- Gallup's earliest LGBT questions reveal significant changes in attitudes
- 14% believed gay people should be allowed to adopt in 1977
- Americans were once split on whether gay relations should be legal
This article is the first in a monthlong series on Americans' views about LGBT issues. Gallup will release new findings every Thursday in June. Gallup's trends, including some extending back four decades, can be found here.
WASHINGTON, D.C. -- Gallup first polled Americans about gays and lesbians in 1977 -- when the U.S. gay rights movement was still in its infancy, and openly gay politician Harvey Milk was elected to the San Francisco Board of Supervisors. Gay rights activists at the time enjoyed momentum from the 1969 riots at Stonewall Inn in New York City -- an uprising against police raids on gay bars, the 50th anniversary of which the LGBT community celebrates this month -- and had not yet endured the AIDS crisis that would later kill many LGBT people.
But while the movement was young and hopeful at the time, Americans held very different views about gay people than they do today.
In 1977, relatively few Americans believed that a person was born gay (13%), but this figure has grown to 49% in 2019. Today, 32% say that people become gay as a result of their environment or upbringing, compared with a majority (56%) holding that view in 1977.
In many states at the time, same-sex intimacy was an illegal offense for which one could be imprisoned. Americans were evenly split on the question of whether gay and lesbian relations between consenting adults should be legal (43%) or illegal (43%). But today -- many years after the Supreme Court's 2003 Lawrence v. Texas decision that prohibited states from outlawing them -- the vast majority, 83%, say gay relations should be legal.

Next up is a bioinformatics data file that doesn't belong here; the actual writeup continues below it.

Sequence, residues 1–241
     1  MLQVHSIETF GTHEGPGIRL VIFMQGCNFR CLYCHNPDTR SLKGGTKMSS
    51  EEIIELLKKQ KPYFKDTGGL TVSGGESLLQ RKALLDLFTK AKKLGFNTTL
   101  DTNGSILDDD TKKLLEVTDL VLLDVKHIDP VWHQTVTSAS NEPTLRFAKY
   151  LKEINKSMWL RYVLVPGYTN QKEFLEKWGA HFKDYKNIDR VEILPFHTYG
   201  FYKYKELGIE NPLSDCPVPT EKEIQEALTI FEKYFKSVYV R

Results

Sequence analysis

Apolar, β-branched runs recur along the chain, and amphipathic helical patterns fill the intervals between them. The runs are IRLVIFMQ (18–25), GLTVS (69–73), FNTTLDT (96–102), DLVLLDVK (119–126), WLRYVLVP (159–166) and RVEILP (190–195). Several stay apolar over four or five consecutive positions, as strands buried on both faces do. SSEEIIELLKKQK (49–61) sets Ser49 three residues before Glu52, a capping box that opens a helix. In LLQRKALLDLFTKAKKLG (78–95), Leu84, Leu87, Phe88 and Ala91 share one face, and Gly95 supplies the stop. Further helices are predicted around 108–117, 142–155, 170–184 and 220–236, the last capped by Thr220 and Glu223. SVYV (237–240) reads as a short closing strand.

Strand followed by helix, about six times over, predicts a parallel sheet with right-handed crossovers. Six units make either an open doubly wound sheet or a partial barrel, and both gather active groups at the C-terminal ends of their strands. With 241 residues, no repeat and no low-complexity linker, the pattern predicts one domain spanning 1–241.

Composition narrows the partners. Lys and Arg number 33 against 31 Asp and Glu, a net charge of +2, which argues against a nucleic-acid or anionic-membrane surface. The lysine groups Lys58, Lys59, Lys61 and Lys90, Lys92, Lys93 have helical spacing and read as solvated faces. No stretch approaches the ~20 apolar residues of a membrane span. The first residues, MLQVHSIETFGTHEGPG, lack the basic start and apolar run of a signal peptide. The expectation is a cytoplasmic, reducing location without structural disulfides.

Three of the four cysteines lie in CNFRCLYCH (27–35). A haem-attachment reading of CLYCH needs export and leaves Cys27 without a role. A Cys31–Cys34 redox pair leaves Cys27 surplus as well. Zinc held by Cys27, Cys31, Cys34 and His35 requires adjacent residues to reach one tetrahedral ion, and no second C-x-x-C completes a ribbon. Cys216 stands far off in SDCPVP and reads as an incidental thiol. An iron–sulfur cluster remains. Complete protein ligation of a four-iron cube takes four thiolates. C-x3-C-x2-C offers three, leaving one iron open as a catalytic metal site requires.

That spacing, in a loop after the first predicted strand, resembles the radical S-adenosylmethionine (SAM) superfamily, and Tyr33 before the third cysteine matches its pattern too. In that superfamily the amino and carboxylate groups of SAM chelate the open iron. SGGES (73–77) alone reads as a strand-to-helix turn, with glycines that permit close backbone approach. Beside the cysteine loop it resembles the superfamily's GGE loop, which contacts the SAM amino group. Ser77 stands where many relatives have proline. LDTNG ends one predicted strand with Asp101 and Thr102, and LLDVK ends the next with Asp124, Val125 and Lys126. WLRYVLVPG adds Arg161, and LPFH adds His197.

Only a small minority of U.S. adults in 1977 (14%) believed that gay people should be allowed to adopt a child. This figure is more than five times higher in 2019, with 75% supporting gay adoption rights.
Today, nearly all Americans (93%) say gay people should have equal employment opportunities, whereas a small majority (56%) felt this way in 1977, when it was a hot issue in state and local politics. That year, the anti-gay Save Our Children campaign was launched by singer Anita Bryant, who used her celebrity to advocate against local ordinances banning discrimination against gay people in employment. The campaign was successful in overturning employment anti-discrimination ordinances in cities across the country.
In the same 1977 poll, Gallup asked Americans more specifically if gays and lesbians should be hired for certain occupations. Most said gay people should be hired as salespeople (68%) and about half said gay people should be allowed into the armed forces (51%). But minorities of Americans felt that gay people should be hired as doctors (44%) or clergy (36%), and just 27% said gay people should be hired as elementary school teachers.
Today, eight in 10 or more Americans support hiring gay people for each of these jobs -- with the exception of clergy, which 72% say is a profession gay people should be considered for.
Since its first questions on the topic in 1977, Gallup has gone on to ask dozens of questions about LGBT people and their rights -- changing question wordings over time as national understanding of the issues has evolved, adding new questions about transgender and other emerging issues, and polling about LGBT acceptance internationally since 2005.
Key legal and societal changes on LGBT issues have taken place in the U.S. over this time as well, and Americans' views on these issues have undergone some of the most dramatic shifts in public opinion -- including gay marriage, which hardly even registered as a goal for gay rights activists of the 1970s. But while LGBT rights advocates can count many victories in recent decades as they celebrate the 50th anniversary of the Stonewall riots, there are still areas where activists seek change. As Americans' views on gay employment rights have changed quite a bit, the U.S. Supreme Court is preparing to hear cases of employment discrimination and will decide whether a federal civil rights law applies to gay and transgender people.
Learn more about how the Gallup Poll Social Series works.